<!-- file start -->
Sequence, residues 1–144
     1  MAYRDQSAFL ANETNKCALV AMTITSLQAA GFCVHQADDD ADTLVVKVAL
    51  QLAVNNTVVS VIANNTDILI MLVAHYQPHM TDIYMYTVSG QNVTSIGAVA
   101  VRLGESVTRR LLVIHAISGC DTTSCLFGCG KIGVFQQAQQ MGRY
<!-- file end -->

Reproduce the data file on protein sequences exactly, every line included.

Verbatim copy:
Sequence, residues 1–144
     1  MAYRDQSAFL ANETNKCALV AMTITSLQAA GFCVHQADDD ADTLVVKVAL
    51  QLAVNNTVVS VIANNTDILI MLVAHYQPHM TDIYMYTVSG QNVTSIGAVA
   101  VRLGESVTRR LLVIHAISGC DTTSCLFGCG KIGVFQQAQQ MGRY